Microviews Vol. 24: Woody Guthrie In Space

on Friday, March 1, 2013
The Man Who Watched The Trains Go By by Georges Simenon
Remember that film Falling Down where everyman worker bee Michael Douglas has the meltdown to end all meltdowns? Well this is the stylised French version from the 1950s, complete with sex, murder and occasional good manners. A mesmerising portrayal of a man's descent into his own personal hell (not to be confused with Paris).
4 out of 5 Catherine Zeta-Joneses

Ways of Going Home by Alejandro Zambra
I'm generally a sucker for novels about the Pinochet era, but this quiet, warm novella by Zambra lacks the emotional kick in the guts I crave from works of its kind. Questions of complicity versus complacency play out in this reflection on a thoroughly misunderstood childhood crush. A good, but vaguely unsatisfying, piece.
3 out of 5 Military Coups

House of Earth by Woody Guthrie
This recently discovered novel by folk hero, champion of the downtrodden and troubadour extraordinaire, Guthrie is pretty much exactly what you would expect. A lyrical, though not wholly successful, hymn to those who scraped at the bottom of the dustbowl. Life takes swipe after swipe at a proud share-cropping couple whose only dream is to buy a small piece of land on which to build an adobe home. Think a less accomplished Steinbeck or Sinclair, with the added bonus of long descriptions of the protagonist's penis and you'll have some idea of what you're in for.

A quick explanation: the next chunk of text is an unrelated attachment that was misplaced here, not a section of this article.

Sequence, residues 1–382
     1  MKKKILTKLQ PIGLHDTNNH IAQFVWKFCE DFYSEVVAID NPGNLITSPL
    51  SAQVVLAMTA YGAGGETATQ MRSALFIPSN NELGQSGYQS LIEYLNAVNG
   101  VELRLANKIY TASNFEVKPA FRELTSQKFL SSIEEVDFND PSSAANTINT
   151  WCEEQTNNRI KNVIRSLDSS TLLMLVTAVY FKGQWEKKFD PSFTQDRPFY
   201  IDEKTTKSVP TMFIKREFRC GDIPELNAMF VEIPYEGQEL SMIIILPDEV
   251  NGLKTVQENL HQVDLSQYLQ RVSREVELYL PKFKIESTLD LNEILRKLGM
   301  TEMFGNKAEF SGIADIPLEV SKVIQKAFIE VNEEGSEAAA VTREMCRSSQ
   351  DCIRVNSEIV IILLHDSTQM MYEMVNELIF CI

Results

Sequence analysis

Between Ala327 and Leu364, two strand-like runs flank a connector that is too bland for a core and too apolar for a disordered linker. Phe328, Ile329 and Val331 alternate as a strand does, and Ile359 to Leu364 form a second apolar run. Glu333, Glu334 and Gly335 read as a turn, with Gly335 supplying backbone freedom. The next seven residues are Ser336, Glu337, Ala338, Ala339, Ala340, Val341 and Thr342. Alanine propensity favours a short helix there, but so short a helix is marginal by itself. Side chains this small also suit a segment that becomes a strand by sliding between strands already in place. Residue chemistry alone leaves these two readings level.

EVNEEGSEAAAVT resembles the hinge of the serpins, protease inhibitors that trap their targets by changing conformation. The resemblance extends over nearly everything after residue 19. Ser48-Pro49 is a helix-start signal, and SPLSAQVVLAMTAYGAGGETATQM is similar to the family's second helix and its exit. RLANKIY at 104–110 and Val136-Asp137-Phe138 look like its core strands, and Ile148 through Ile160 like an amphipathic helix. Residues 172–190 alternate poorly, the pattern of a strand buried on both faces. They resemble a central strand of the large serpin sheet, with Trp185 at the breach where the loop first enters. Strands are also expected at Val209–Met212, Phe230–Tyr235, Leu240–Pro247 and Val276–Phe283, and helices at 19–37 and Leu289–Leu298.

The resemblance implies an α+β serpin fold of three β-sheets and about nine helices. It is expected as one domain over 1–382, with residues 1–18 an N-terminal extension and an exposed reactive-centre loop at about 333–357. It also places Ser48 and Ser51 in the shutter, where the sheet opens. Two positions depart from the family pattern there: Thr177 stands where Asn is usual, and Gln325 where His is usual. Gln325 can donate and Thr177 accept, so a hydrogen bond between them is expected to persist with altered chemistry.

3.5 out of 5 Rolls In The Hay

The Explorer by James Smythe
Five astronauts on a mission to go further into space than anyone has ever gone before. Path to glory or suicide mission? From the outset it is clear that there is something very wrong here. No need for HAL. The humans are dangerous enough. The Explorer is a slow burn of a novel, with some straggeringly smart twists. Get on it and rejoice, fellow nerds!
4 out of 5 Space Odysseys

Tenth of December by George Saunders
Maybe I'm just too thick to get it, but I don't see what all the fuss is about. Saunders is a fine writer and there are flashes of brilliance in his latest collection of short stories (Home and Escape From Spiderhead spring to mind), but taken as a whole it doesn't add up to much. Disjointed po-mo posturing that flits a feather across the toes of the self-involved literati set while leaving the rest of us out in the cold. You may now line up to take shots at me.
2.5 out of 5 Infinite Jests


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